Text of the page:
Not content with knocking heavyweights Brazil out of the Women’s World Cup, the Matildas are eyeing a place in the last four after their historic triumph in Canada.
Kyah Simon’s 80th-minute goal on Monday morning (AEST) earned Australia a quarter-final berth in the biggest shock of the tournament.
The final whistle in Moncton announced Australia’s first knock-out win from any senior team at a World Cup and brought wild celebrations from the Matildas.
Coach Alen Stajcic said it was a deserved result.
“It’s a big moment … it’s a massively historic moment,” Stajcic said.
“Exhilarating is the word for such a victory against a big powerful football nation.
“The effort, the execution, the spirit has just been brilliant.
“A lot of sacrifice in the last five months and I guess it pays off on days like this.”
After an afternoon labouring in cold and damp conditions, two substitutes began and finished the decisive goal.
Katrina Gorry’s fine pass released captain Lisa De Vanna on the right, whose shot was fumbled by Brazilian keeper Luciana into the path of Simon.
Running from well downfield past her marker, Simon sidefooted a volley into the open net to give Australia their first tournament win over Brazil.
It was Simon’s moment, and her third goal of the tournament, but Australia had plenty of strong performers, notably Elise Kellond-Knight in midfield and wide players Sam Kerr and Caitlin Foord.
The win returns the Matildas to the last eight of the World Cup for the third straight time and the first with a knockout win after the expansion of the Women’s World Cup in 2015.
Australia will return to Edmonton for a quarter-final on Sunday morning (AEST), which could be a rematch of the past two Asian Cup finals against reigning world champions Japan.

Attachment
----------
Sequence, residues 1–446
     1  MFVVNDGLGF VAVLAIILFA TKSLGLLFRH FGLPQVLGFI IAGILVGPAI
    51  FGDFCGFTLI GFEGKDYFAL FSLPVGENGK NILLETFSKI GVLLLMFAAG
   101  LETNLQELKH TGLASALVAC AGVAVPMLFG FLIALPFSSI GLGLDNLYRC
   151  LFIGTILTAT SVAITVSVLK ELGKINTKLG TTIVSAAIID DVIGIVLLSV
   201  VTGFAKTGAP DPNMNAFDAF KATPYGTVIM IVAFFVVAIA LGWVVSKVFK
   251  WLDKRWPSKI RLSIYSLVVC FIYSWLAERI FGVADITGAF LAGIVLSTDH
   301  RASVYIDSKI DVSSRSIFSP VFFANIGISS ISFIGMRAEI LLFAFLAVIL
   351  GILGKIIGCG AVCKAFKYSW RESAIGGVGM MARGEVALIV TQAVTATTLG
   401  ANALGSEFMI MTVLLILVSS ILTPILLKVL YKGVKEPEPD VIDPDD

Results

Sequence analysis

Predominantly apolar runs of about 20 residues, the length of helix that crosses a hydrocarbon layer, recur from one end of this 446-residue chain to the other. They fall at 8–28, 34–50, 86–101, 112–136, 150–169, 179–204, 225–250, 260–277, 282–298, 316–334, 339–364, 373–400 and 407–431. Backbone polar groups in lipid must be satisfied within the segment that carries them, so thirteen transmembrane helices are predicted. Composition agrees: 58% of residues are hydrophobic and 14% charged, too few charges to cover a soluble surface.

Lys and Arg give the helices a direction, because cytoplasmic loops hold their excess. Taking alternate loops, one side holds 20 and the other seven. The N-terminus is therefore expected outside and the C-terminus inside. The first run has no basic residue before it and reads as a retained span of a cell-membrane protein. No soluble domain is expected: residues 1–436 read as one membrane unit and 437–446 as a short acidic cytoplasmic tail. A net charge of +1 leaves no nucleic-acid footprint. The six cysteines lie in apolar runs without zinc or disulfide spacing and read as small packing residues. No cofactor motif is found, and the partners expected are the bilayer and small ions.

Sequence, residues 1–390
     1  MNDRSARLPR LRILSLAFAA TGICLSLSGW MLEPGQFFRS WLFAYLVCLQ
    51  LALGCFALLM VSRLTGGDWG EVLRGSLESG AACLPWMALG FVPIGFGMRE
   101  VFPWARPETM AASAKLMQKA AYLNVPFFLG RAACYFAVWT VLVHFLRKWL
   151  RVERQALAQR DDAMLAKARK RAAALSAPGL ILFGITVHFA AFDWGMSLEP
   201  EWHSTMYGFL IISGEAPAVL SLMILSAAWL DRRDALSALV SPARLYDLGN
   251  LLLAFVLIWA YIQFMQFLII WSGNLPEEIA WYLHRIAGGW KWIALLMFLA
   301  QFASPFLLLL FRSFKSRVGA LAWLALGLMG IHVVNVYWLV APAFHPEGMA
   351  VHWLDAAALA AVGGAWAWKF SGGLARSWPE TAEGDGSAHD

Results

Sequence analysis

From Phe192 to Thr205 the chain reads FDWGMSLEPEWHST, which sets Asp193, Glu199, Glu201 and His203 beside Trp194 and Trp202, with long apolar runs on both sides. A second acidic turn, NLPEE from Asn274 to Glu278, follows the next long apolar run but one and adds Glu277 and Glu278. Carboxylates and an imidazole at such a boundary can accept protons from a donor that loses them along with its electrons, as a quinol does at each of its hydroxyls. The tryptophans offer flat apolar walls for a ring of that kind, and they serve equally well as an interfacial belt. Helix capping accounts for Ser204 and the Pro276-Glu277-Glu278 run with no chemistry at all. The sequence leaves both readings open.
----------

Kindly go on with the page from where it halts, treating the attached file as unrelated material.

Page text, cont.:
The Japanese play the Netherlands on Wednesday (AEST) for the right to play Australia, as the Matildas bid to reach the semi-finals for the first time.
Stajcic said his side would cause problems against any team given their options in attack.
“We’re probably one of the most dangerous teams at the World Cup, if not the most dangerous team going forward,” he said.
“We’ve come through three really tough battles and now you can make that four.
“With such a young team, we’ve seen so much growth and development in such a short space of time.
“If they keep growing, we can beat anyone in the world.”
A tactical first half against Brazil was devoid of major chances.
Sam Kerr’s sweetly connected volley from Emily van Egmond’s corner on 10 minutes rippled the side-netting.
Full-backs Foord and Steph Catley produced lively attacking play, although the Matildas had their fair share of ragged moments.
With the half-hour mark looming, Formiga dispossessed van Egmond, and forced Matildas goalkeeper Lydia Williams to make a superb save from her swirling long-range strike.
After the halftime break, the rain came down and the match opened up.
The Matildas had a major life on 63 minutes when the unmarked Formiga headed into the post with the rain teeming down.
De Vanna scurried the ball down the other end, teeing up van Egmond, who shot wide.
Brazil’s long-range strikes kept coming but Williams held strong.
By 72 minutes, both Gorry and Simon were on the field and, less than 10 minutes later, they made their impact on the break.
After holding out a largely flat Brazilian attack, the Matildas had their slice of Australian footballing history.
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